In 17. 5 Million Square Feet,Thermostat Tuning Matters
Burn coal, burn biomass, burn what you will — but the surest way toward shrinking your carbon emissions is figuring out a way to burn less.
For more than a year, Chris Martin and
his staff in UNC’s energy management
office have been combing the campus for
ways to save energy in UNC’s classrooms,
dorms, labs and office space. Building
energy consumption is responsible for 90
percent of the campus’s carbon footprint
(commuting activity is a distant second).
And if more reasons were needed, there’s
also a legislative mandate to cut back. A
2007 law requires that state buildings
reduce their consumption 30 percent from
2003 levels by 2015.
Faced with that new mandate, and
without new funds to do the job, Martin
and his team found that the most effective
and economical approach is to go after the
issue as your parents probably do: by fussing with the thermostat.
Of course, fussing with thermostats is a
little more complicated when they control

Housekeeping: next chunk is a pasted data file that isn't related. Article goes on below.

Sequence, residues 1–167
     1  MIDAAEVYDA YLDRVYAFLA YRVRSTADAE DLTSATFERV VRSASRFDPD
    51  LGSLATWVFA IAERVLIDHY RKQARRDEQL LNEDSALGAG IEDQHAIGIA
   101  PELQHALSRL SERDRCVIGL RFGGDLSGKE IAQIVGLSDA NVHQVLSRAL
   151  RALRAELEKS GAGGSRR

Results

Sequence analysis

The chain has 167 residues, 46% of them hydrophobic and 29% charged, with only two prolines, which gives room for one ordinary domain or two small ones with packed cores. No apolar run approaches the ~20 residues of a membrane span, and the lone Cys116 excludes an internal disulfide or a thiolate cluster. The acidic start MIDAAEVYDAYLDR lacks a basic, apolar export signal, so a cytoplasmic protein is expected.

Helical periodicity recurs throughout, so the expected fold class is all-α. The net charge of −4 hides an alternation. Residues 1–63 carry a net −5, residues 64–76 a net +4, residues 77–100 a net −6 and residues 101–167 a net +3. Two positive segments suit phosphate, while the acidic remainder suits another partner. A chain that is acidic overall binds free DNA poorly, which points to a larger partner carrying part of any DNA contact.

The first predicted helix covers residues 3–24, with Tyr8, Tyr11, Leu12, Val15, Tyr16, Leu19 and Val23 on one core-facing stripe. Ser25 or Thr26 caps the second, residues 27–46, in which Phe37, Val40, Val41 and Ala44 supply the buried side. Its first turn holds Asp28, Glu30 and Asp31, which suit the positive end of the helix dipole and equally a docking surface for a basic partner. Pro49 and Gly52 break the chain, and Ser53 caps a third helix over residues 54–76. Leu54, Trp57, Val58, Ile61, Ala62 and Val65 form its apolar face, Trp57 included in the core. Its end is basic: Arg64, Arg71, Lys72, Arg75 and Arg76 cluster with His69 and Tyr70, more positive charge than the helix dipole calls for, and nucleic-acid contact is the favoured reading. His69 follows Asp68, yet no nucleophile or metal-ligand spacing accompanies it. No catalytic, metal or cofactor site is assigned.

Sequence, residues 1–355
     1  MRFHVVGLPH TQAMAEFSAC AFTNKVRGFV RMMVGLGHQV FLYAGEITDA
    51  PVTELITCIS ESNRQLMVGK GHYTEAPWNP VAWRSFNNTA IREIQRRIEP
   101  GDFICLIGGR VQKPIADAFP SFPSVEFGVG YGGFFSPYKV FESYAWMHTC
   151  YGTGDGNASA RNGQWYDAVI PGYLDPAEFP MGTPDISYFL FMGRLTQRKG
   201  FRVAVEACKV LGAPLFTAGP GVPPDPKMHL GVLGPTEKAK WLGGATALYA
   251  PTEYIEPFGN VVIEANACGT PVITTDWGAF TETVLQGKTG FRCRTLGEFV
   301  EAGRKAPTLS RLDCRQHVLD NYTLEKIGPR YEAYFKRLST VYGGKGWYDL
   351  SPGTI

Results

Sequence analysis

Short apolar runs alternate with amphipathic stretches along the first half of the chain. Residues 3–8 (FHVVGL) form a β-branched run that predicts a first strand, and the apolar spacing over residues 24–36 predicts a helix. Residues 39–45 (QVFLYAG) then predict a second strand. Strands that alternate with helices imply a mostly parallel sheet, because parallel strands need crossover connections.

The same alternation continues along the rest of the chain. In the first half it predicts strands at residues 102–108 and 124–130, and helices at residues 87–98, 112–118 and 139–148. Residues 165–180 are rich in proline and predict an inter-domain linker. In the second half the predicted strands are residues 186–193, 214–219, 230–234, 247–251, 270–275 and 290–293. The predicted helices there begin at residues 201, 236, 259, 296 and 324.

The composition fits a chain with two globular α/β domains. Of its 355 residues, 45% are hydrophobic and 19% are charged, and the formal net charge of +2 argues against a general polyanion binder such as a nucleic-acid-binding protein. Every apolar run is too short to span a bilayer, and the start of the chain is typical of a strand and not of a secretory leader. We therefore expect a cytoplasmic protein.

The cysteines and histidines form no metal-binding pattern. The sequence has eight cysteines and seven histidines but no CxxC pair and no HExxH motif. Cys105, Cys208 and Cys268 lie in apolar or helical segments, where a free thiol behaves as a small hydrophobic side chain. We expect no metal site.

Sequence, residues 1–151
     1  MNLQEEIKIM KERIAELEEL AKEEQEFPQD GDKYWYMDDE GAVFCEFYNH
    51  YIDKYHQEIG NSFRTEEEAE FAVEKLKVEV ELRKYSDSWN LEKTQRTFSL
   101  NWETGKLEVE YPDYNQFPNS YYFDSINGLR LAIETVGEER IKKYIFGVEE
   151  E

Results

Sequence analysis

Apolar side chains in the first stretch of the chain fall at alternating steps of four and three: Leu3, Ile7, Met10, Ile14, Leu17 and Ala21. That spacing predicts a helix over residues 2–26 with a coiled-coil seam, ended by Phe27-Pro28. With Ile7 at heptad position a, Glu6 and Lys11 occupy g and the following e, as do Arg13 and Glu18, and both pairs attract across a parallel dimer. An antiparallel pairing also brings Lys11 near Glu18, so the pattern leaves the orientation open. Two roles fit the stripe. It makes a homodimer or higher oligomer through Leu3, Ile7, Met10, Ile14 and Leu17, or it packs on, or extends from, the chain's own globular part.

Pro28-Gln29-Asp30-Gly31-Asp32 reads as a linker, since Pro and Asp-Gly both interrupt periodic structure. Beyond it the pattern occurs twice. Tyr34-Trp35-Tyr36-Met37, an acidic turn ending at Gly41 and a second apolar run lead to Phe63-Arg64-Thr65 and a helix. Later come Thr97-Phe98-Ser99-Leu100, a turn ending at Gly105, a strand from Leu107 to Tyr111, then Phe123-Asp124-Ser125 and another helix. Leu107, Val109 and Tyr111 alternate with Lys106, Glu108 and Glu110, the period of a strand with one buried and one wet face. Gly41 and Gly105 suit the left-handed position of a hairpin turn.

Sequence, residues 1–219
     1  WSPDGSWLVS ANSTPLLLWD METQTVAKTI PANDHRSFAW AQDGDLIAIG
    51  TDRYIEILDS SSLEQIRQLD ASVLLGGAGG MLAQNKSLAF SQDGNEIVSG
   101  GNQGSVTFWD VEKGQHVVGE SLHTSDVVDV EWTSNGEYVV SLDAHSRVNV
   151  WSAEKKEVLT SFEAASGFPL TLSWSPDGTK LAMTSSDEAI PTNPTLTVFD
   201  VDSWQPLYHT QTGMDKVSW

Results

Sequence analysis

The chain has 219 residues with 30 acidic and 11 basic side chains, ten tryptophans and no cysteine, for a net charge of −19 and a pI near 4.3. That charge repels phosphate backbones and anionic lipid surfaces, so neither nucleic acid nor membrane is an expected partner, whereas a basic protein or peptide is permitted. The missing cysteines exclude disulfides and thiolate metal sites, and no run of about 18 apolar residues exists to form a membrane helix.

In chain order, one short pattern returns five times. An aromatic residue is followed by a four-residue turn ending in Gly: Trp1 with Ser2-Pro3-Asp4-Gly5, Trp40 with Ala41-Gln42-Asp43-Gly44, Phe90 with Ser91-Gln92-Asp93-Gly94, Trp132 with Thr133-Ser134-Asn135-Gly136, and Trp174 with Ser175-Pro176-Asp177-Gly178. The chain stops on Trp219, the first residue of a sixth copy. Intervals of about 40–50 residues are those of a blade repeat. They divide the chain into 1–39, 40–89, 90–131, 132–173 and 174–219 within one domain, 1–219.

the temperature for some 17. 5 million
square feet. And a lot of behind-the-scenes
work had to happen first: making sure
heating and cooling systems are function-
ing as they should, for example, and that
buildings don’t have holes where they
shouldn’t — part of a process that Martin
calls “building tuning.”
Some types of buildings are harder to
tune than others. A research laboratory such
as the Mary Ellen Jones Building, which
houses a number of medical school depart-
ments, has a carbon footprint that is 10
times that of a classroom building such as
Peabody Hall (see www.climate.unc.edu/
GHGInventory/bldgfootprint). The biggest
reason why is in the air.
— Darv Johnson ’ 93
CAROLINA ALUMNI REVIEW